I took a 4MB PCMCIA SRAM expansion from my Amiga 600 and put it in Quaderno. The ROMDOS drive contains a Microsoft program called MEMCARD.exe (very similar to FDISK.exe, but for early PCMCIA cards), so I used it to format the card, rebooted the machine and got 4MB of persistent storage (the SRAM card has a battery to retain the data even after removing the card from the computer).
These early PCMCIA cards don’t work in Windows out of the box. However, there is already a DOS driver included in Windows 9x. You just need to add two lines in the config.sys and you can use the SRAM card in a “more modern vintage computer” (it still allows you to use the slot with other cards and use hot-plug features). Btw these direct mapped SRAM cards have one big advantage – they are super-fast.
I know it’s almost 30 years late, but I finally understood, how these old PCMCIA devices work…
You might think that the machine is useless without a working HDD and no floppy drive, but that is not true. Quaderno has a small bootable “ROMDOS” drive with basic system files, COMMAND.COM, a RAMDISK driver (up to 320KB of EMS memory can be used and you still have full 640KB of conventional memory) and Interlink software. This drive is interesting, because it acts like a read-write one. You can edit config.sys and autoexec.bat (the changes are there even after shutdown, if the CMOS battery is ok or AC is connected). You can even copy files there, but if it’s more than a few KB, the system will crash hard (requiring you to reinitialize the ROMDOS).
With Interlink, you can mount remote HDDs over a serial port. I used it to run VC (Volkov Commander) to edit the config.sys (no EDIT.COM in ROMDOS) and enable the RAMDISK driver. After this, I had my small but fast local storage (non-persistent) and everything bigger was started directly out of the remote HDD from another computer. This is a good way to test the computer before fixing the HDD or installing a flash/SRAM card in PCMCIA 1.0.
I was silent for a while as some things required my attention more than old computers. We extended the list of implementations of our Sieve Benchmark and it now supports even 6502. It was developed on Atari 800XL without any modern hardware or software (it’s written in ATMAS II macro-assembler). And it was a pain.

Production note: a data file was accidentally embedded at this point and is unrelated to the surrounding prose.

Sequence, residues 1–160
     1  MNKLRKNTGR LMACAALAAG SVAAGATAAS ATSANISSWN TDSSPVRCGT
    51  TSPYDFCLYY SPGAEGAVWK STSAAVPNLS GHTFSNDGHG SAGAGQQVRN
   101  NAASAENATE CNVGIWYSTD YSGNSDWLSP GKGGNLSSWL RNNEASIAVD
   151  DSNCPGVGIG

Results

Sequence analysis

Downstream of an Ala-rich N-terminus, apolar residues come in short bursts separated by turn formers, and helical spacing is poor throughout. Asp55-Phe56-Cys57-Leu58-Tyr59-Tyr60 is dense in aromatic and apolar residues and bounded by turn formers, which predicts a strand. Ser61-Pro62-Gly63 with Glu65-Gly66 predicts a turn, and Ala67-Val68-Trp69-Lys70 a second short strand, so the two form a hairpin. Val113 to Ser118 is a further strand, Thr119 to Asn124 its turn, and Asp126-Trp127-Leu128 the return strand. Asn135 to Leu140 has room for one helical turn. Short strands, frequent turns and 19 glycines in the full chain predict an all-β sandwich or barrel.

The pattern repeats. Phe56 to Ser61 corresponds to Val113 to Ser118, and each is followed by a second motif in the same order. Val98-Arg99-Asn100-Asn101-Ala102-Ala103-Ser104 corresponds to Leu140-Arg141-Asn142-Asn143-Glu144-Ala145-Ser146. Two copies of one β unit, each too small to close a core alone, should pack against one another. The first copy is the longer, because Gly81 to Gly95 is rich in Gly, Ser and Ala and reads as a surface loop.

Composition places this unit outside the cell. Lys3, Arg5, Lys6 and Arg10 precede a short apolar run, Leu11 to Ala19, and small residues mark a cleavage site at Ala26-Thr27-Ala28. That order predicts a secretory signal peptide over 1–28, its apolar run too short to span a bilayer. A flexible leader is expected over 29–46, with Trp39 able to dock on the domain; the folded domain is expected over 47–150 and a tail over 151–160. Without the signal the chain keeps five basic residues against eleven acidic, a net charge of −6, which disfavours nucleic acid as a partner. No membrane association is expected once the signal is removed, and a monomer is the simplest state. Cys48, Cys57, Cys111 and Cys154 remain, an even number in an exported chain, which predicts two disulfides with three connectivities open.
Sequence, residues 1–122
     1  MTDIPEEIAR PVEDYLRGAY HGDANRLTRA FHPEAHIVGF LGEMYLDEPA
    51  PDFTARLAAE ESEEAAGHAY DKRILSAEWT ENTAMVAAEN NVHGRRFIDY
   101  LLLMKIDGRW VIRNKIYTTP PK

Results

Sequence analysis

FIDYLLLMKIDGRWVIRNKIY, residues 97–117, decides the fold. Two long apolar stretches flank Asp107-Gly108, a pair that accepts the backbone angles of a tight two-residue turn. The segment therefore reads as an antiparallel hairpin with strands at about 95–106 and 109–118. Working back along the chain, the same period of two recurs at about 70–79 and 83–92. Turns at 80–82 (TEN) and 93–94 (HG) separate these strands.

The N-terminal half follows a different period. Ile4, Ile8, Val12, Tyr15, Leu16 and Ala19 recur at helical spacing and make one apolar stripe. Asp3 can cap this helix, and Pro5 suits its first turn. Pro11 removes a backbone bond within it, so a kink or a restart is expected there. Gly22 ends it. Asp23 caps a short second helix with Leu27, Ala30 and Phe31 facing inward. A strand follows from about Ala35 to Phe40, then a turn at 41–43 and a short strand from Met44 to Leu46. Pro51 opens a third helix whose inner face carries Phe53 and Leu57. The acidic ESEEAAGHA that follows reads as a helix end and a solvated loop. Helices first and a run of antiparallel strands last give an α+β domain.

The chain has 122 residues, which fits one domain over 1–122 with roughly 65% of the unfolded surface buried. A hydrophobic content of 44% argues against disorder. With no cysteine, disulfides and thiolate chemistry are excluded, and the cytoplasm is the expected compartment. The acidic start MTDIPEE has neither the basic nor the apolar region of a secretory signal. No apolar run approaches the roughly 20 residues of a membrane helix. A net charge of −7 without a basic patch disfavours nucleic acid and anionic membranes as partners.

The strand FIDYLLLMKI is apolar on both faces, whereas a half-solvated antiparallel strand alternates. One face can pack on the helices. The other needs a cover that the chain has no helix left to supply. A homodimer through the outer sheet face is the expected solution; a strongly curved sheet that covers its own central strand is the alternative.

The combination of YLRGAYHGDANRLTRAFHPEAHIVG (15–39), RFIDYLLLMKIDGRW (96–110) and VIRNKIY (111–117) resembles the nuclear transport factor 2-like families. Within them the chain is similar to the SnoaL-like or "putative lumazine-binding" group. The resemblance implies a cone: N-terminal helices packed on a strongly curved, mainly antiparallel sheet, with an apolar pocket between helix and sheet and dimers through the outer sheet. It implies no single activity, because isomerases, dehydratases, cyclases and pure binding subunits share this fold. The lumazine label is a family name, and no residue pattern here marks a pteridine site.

We all remember the lovely days of being young and playing with these simple computers, where programming was often the best way to spend time. These nostalgic memories don’t say the truth how horribly inefficient the development was on these machines in comparison with what came a decade later. David told me that his productivity was about 20 times lower in comparison with developing an assembly program of similar complexity and size on PC. These were one of the biggest reasons for your entertainment:
It was easy to fill whole available memory with the source code text. There was a situation when only 100 characters could be added to the text buffer, but about 2000 were needed. That caused that multiple parts were optimized for source code length (except, of course, the sieve routine itself, which was optimized for speed).
At the end, it was necessary to split the source code into two parts anyway.
Unlike with PCs, the Atari keyboard doesn’t support roll-over on standard keys. It is necessary to release the key before pressing another one (otherwise the key-press is not properly recognized).